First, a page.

January 10, 2018
Because motorcyclists are so exposed, their injuries in accidents tend to be more severe. However, there are a range of common injuries riders typically suffer after a motorcycle accident. Regardless if your injury is mild or severe, temporary or permanent, an inconvenience or a tragedy, you could be entitled to compensation if you’ve suffered any of these common injuries after an Indiana motorcycle accident.
1. Road Rash
One injury often associated with motorcycle accidents in particular is road rash. Road rash occurs when a motorcyclist slides across the pavement during a crash and suffers from abrasions to the skin.
There are two things in particular that can help prevent or decrease the severity of road rash. One is by investing in gear specifically made for motorcyclists. It’s estimated that riders lose an extra millimeter of flesh during a crash for every mile per hour they were traveling over 30 miles per hour. By wearing gear that’s made to withstand motorcycle accidents, you can literally save your skin. Put safety before fashion and make sure your gear is actually built to protect you.
The second thing you can do to decrease the severity of road rash is to slow down. As mentioned above, the faster you go, the more skin you stand to lose if you get into a motorcycle accident. Follow speed limits and slow down when approaching curves or intersections.
2. Emotional Trauma
Although we often think of physical injuries when we think of motorcycle accidents, motorcyclists can suffer from mental and emotional injuries as well. Motorcycle accidents can result in more severe injuries than car accidents that take a toll on a person’s mental wellbeing. It can be difficult to adjust to new limitations imposed by severe injuries, whether temporary or permanent.
However, even if you emerge from your accident physically unscathed, you can still suffer from emotional trauma. Some riders suffer from post-traumatic stress disorder (PTSD) after a motorcycle accident. A motorcycle accident can make mental health conditions riders have previously struggled with resurface or can make current conditions even worse.
3. Broken Wrist
What do you do when you feel yourself starting to fall? If you’re like most people, you probably throw your hands out to catch yourself. That instinct may be useful if you trip on the sidewalk, but if you’re falling off of a motorcycle traveling at high speeds, it’s actually more harmful than it is helpful. Many motorcyclists have suffered broken or fractured wrists simply because they instinctively threw their hands out during a motorcycle accident.
Proper gear is helpful in preventing wrist injuries during a motorcycle accident. Make sure the gloves you buy cover your wrists and have straps so they don’t fly off during a crash. Look for gloves with strong protection around the base of your palms. Make sure any gloves you buy aren’t so bulky that they actually inhibit your ability to ride.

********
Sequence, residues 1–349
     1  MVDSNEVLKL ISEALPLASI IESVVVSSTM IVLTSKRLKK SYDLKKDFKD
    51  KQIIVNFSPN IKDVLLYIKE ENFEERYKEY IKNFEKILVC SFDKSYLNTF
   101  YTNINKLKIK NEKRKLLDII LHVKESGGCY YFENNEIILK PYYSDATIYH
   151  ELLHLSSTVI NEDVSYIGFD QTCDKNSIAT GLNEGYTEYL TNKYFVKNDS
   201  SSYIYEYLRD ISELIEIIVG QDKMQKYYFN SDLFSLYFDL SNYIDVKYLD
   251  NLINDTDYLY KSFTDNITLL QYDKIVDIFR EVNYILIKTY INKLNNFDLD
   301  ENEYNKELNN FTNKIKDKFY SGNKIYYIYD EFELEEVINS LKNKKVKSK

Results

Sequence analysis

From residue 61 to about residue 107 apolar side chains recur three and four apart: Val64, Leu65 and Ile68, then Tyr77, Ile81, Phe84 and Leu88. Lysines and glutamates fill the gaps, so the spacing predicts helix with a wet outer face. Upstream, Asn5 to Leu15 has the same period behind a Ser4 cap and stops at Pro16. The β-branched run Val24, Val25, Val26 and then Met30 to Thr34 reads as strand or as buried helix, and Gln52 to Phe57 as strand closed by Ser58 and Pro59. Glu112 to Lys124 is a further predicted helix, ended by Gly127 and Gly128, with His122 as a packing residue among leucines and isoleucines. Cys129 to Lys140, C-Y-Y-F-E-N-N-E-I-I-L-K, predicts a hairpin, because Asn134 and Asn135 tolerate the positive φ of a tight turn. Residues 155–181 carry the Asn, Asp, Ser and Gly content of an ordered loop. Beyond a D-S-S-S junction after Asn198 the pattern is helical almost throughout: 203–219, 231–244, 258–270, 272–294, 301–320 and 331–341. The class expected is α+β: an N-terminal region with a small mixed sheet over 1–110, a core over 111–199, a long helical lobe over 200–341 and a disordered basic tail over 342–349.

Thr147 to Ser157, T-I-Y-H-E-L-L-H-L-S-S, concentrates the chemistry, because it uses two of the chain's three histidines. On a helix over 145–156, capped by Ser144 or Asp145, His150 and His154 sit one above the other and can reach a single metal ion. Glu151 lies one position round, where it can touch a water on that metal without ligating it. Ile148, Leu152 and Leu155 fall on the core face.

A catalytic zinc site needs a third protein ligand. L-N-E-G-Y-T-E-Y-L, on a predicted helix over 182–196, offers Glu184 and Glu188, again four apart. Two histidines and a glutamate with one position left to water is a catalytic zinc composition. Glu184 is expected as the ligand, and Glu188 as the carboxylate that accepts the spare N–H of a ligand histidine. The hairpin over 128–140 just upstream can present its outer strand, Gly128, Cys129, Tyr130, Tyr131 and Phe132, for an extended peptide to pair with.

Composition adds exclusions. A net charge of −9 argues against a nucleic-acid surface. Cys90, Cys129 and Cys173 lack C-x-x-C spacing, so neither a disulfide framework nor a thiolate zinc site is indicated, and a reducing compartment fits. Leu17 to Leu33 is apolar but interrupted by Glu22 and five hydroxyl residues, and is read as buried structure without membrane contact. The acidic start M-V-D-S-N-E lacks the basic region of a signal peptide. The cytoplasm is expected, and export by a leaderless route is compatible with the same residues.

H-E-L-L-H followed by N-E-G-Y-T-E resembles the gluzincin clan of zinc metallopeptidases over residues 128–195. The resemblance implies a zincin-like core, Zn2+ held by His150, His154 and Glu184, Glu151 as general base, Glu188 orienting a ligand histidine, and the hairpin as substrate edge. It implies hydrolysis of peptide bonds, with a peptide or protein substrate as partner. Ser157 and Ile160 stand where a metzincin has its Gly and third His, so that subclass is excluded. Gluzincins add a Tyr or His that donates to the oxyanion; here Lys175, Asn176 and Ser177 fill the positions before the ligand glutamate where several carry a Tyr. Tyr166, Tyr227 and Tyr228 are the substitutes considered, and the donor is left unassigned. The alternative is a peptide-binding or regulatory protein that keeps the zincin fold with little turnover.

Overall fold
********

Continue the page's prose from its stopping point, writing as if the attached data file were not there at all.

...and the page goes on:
4. Biker’s Arm
Like broken wrists, biker’s arm is an injury that’s the result of the body’s instinct to protect itself. When motorcyclists realize a crash is imminent, they often use their arms to try to protect themselves. That means that their arms absorb most of the impact of the crash.
But biker’s arm doesn’t refer to broken bones or bruises. Instead, it refers to the nerve damage the arms may suffer during a motorcycle accident. It can also occur if the rider’s arm gets stuck underneath the bike or under another heavy object during the accident.
Biker’s arm varies in terms of longevity and severity. For some, the nerve damage may be temporary loss of feeling. For others, biker’s arm can result in permanent paralysis.
5. Traumatic Brain Injury (TBI)
One of the most severe injuries a motorcyclist can suffer is a traumatic brain injury (TBI). Although TBIs exist on a spectrum of severity, from mild concussions to injuries resulting in death, riders who have suffered from a TBI should seek medical attention regardless of how mild they may believe their injury is. Only a doctor can properly ascertain the severity of a TBI and prescribe the correct treatment.
To protect against TBIs, it’s important to wear a helmet. Indiana doesn’t require motorcyclists over the age of 18 to wear helmets, but we strongly encourage riders to wear helmets regardless. Helmets are 37 percent effective at preventing motorcycle deaths, but they’re even better at preventing brain injuries: about 67 percent effective, according to the Insurance Institute for Highway Safety.
Help from an Indiana Motorcycle Accident Lawyer
Whether you’ve suffered from one of these common motorcycle accident injuries or a different injury entirely, it’s likely that your medical bills are beginning to pile up. You shouldn’t have to pay for someone else’s reckless driving. Call Hensley Legal Group today or contact us online for a free consultation.